What is a Government Paper?

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  • Written By: John Lister
  • Edited By: Kristen Osborne
  • Last Modified Date: 10 October 2018
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Government paper is a term referring to any debt security product that is issued and/or backed by a national government. Examples in the United States include treasury securities and mortgages backed by the Government National Mortgage Association, known informally as Ginnie Mae. Within a particular company, government paper is usually considered the most secure type of debt security, though ratings of risk vary from country to country.

A debt security is one in which the investor is effectively lending money to the issuer. In return, the investor has the right to get that money back on a future date, plus interest. This is in contrast to an equity security where the money is not refundable, but the investor takes an ownership stake in the issuing organization. By definition, a national government cannot issue equity securities.


Both corporations and governments can issue debt securities. Government paper covers all types that can be issued by a government. Within the United States, the main types are treasury bills, treasury notes, and treasury bonds. The difference between these is the time period between the issue and the money being returned — up to one year for a bill, one to 10 years for a note, and longer than 10 years for a bond. Investors can and do trade and sell these securities on the open market, so in many cases, the person who cashes in the security on its redemption date will not be the person who originally bought it from the government.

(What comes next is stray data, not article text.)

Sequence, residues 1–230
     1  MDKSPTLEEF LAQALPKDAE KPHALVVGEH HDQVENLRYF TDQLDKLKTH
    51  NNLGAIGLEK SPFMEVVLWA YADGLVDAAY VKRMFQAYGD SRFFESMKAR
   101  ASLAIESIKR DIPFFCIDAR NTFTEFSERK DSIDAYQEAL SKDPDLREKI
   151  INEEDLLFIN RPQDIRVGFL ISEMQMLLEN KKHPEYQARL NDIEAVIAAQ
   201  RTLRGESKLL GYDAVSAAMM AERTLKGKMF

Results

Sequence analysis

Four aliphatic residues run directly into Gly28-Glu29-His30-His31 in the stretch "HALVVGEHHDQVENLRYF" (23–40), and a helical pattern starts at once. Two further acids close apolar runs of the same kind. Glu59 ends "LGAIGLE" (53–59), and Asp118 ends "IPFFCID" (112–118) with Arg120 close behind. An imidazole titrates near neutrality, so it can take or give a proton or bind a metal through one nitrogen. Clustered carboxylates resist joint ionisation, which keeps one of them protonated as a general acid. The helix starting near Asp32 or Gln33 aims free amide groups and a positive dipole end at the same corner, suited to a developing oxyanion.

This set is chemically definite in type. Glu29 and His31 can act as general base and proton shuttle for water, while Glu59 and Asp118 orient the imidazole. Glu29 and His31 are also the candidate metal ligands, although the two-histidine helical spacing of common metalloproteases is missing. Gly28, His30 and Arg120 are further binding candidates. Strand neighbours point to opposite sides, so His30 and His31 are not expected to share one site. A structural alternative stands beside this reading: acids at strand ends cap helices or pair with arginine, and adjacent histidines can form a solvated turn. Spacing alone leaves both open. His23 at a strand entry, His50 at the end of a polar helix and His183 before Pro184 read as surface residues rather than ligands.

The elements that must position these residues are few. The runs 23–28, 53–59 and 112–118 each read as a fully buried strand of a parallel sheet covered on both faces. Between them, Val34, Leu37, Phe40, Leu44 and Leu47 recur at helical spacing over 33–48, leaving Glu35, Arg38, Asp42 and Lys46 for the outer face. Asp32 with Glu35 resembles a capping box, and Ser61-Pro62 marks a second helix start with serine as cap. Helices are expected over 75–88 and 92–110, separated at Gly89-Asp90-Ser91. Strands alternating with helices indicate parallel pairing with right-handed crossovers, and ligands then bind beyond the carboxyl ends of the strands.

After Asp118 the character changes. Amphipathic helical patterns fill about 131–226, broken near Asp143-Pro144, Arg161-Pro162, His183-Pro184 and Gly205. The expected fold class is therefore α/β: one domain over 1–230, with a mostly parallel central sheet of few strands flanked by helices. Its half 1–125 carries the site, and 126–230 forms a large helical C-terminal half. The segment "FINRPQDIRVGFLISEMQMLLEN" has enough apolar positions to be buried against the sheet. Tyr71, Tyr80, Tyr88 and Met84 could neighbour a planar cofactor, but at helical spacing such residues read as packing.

There are several other examples of government paper. A Treasury Inflation-Protected Security works in the same way as a bond, but the interest payment is adjusted to take account of inflation, meaning the investor knows exactly what real-terms return will be paid. There are a range of bonds that cannot be sold by one investor to another, such as war bonds, meaning the original investor or their heirs will claim the money upon redemption. There are also programs where government agencies offer some form of guaranteed return on investments linked to loans, such as Ginnie Mae.

In theory, government paper is the safest type of debt security because a government is much less likely to be unable to pay out than a company, which may have gone out of business. Even if a government operates at a deficit, it will normally be able to fund repayments, usually through borrowing more money, which may even involve issuing news bonds to fund old bonds. International credit rating agencies, however, still distinguish between different countries: government paper from the largest developed nations is usually rated as the most secure, with that from unstable governments in developing nations rated riskier. If a country's rating is downgraded, such as happened to Greece several times in 2009 and 2010, buyers of government paper will demand higher interest rates, which can make the government's borrowing more expensive and worsen its financial situation.



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